What Happens When You Arrive For Dialysis?

Arriving For DialysisThe dialysis unit will arrange transport to the unit, if you require. This may be either by minibus or taxi. When you come into the dialysis unit you will meet your nurse, who will discuss with you any difficulties since your last treatment. All patients have a medical file which is kept up-to-date with all relevant information.

When you arrive, for dialysis, ensure you empty your bladder if you still have a urine output. You will be asked or helped to weigh yourself. It is important to wash your hands prior to starting your treatment, after which you will sit in a dialysis chair/bed, according to your preference, in order to receive your treatment. The nurse will carefully clean your dialysis access: the skin, if you have a fistula, or the end of your permcath.

If you have a fistula, two needles will becarefully inserted which is necessary to connect you to the dialysis machine. As the blood pump starts, you will see your blood going into the machine and then returning to you. The dialysis process will take 3 or 4 hours. During this time you should relax, read a book, or watch television. Throughout the dialysis treatment, you will be monitored closely: Your blood pressure and pulse being measured frequently. If you feel weak, you should let your nurse know straight away as this can be quickly corrected by giving you some extra fluids. When the dialysis treatment is complete, your dialysis needles will be removed and pressure applied to the sites until the bleeding stops, or your dialysis catheter will be redressed. It is important not to jump up or stand up quickly, after your treatment, as some patients’ blood pressure can drop and can cause them to feel dizzy.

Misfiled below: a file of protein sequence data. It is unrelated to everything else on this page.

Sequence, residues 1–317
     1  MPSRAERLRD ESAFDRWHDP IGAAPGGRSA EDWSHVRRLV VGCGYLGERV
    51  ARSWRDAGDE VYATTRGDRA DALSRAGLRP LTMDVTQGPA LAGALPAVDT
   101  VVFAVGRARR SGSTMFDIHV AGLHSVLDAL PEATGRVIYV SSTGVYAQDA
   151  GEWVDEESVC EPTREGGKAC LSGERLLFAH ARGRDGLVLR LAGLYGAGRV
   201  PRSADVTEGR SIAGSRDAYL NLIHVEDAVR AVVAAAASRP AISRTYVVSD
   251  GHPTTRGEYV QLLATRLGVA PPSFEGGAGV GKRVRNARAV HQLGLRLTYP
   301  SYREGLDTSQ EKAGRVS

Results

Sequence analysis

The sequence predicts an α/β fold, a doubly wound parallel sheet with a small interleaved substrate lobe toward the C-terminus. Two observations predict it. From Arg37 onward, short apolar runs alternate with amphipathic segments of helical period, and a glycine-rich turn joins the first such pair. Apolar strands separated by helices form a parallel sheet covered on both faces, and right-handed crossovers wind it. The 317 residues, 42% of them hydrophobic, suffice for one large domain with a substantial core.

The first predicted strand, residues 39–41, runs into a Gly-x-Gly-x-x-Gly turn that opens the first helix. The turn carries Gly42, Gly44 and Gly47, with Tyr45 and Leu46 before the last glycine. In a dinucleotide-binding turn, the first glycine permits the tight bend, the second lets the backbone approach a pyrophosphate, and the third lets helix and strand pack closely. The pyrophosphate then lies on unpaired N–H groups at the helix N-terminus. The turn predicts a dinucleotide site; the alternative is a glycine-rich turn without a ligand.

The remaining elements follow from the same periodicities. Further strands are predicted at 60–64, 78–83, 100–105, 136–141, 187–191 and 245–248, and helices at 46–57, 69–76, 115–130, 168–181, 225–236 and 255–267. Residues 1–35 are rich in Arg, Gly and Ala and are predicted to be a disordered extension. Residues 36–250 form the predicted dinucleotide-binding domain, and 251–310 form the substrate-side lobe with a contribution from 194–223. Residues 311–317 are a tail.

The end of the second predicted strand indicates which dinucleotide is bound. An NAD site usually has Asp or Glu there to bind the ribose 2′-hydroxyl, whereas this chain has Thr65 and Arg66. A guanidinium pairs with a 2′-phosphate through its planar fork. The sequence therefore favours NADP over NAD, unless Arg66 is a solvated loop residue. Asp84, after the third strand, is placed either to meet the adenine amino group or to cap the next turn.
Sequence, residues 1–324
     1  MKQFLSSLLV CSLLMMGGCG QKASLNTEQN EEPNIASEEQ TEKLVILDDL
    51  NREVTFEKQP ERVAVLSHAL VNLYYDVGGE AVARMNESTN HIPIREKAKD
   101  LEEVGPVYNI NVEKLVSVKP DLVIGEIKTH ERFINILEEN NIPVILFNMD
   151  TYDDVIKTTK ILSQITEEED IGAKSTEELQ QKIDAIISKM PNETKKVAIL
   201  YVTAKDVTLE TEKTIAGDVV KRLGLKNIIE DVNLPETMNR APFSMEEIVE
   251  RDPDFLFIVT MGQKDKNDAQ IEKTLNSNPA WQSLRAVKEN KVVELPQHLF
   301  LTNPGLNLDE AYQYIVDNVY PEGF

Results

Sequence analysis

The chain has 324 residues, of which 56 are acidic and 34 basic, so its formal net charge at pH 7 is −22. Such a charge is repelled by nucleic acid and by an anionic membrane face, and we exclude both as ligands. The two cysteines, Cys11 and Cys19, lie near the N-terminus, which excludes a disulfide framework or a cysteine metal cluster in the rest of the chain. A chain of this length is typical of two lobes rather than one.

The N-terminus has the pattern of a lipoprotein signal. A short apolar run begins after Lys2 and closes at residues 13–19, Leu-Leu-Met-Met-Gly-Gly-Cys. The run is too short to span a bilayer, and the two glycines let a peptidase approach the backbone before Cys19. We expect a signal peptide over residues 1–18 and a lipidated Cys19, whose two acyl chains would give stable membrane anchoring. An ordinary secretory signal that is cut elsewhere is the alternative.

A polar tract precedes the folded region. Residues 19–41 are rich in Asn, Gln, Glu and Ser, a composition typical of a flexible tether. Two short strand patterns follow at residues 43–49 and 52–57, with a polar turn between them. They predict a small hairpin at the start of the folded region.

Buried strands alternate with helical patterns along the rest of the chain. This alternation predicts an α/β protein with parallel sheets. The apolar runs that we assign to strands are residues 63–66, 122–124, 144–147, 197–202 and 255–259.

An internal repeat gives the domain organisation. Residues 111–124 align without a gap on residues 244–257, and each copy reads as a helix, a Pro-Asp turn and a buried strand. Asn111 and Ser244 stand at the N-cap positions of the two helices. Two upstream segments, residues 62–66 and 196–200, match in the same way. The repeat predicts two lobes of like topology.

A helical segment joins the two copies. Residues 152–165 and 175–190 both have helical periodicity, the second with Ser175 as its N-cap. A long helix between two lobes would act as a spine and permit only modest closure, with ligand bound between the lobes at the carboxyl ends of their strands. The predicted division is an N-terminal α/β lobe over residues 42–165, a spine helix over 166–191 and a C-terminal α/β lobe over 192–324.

Arteriovenous Fistula

Arteriovenous Fistula

You will then be weighed again to determine how much fluid has been removed during the treatment. It is advisable to stay in the dialysis unit for a short period before you go home.

 After each use the dialysis machine is carefully chemically disinfected to prevent any transmission of blood borne infections between patients.


Maintenance Dialysis

Once you have settled into a dialysis pattern that is right for you, you will be given a fixed schedule of treatment times. Most patients have dialysis three times a week, every second day, Monday, Wednesday, Friday or Tuesday, Thursday and Saturday.

When you are discharged, every effort will be made to ensure that you will be given dialysis times that suit your needs. However, staff may have to change your times based on the physical needs of other patients. If you need to change times, for a special occasion, please ask the nurse manager who will try and facilitate you.

Once you have commenced haemodialysis, you will be allocated a specific time and day for your dialysis treatment. This is normally a fixed appointment, although the hospital can change the times and days, either as a one-off for a specific reason, or if the allocated time does not suit you.

Within Beaumont Hospital, two units provide haemodialysis. Dialysis Therapies Centre , on the 1st floor of Aislin Centre  has two unit (DTC Unit 1 & Unit 2)  and St. Peter’s on the fourth floor. We also supervise patients in the Northern Cross Haemodialysis Unit. This is an off-site unit, run by Fresenius Medical Care, who are a large dialysis provider.

Dialysis Therapies Centre

Dilaysis Therapies Centre

Northern Cross provides the same dialysis treatment as Beaumont Hospital, under the supervision of the Consultants from Beaumont Hospital. Dietetic and counselling services are also provided to Northern Cross patients from Beaumont Hospital staff.



Northern Cross Dialysis

Northern Cross Dialysis Unit

You may discuss your dialysis unit preference with your doctor or Patient Care Co-ordinators. They will do their best to accommodate your requirements.